The workhouse, with its cold grey walls,
Peering like a giant sentinel
Engulping male, female, young and old
Into its open claws of rough mortar
Enticing them, too weak to argue;
Their last resort to survive.
Destitute families, segregated,
By age and sex, mother from child,
Child from mother, wife from husband,
Husband from wife, sister from brother.
Thin, tired worn out people,
Those who could, employed for service,
Earning weekly, the menial sum of one and six
To barter for rations of yellow meal and broth,
Thin and tasteless,its salt content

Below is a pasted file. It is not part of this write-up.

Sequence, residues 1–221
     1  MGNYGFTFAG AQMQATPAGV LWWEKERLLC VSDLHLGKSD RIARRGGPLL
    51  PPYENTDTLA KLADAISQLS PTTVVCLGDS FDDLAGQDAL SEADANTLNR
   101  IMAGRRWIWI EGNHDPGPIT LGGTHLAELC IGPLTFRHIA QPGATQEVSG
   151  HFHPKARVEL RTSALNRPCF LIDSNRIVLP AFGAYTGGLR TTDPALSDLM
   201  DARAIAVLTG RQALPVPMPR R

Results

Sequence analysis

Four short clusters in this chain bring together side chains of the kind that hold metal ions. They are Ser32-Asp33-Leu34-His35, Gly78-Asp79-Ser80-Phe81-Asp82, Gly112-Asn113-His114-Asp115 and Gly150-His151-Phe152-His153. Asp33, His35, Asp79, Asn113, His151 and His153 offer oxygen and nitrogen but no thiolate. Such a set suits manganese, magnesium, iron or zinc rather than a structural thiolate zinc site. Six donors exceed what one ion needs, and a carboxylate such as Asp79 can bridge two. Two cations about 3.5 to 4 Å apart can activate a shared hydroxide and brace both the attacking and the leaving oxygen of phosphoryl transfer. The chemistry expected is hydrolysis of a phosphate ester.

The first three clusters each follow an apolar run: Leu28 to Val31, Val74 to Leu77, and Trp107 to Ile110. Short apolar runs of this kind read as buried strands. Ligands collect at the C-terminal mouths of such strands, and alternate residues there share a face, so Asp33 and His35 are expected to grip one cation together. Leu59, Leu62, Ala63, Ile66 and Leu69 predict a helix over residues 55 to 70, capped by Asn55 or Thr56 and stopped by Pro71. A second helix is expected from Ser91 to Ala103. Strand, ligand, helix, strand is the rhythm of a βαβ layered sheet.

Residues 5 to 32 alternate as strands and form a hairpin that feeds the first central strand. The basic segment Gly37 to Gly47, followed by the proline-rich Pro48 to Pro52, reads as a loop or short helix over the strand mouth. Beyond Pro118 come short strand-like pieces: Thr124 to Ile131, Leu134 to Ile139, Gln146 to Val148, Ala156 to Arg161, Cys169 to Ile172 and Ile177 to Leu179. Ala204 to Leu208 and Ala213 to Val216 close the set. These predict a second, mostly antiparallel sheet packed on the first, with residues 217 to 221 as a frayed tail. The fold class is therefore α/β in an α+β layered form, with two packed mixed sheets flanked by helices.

Pierced parched lips, memories
of floury potatoes, now rotten neath
blight’s scourge and a foul Winter.
Creating and nurturing fever epidemics
which fattened roadside graves, nearby
Irish farmers slaved to fodder the pockets
Of absentee landlords, whose greed drove
Two million of our youngest and best
in coffin ships, not fit to transport
Bird, animal, not alone human.
Yet most survived to spread their seed
In Australia, new Zealand and fair U.S.A.,
Where today, they proclaim their pride
In Irish blood and Gaelic heritage.
Poverty to new life, island to vast continents
Despair to hope, fresh seed in new pastures

Copyright Máiréad Tuohy Duffy (C)2004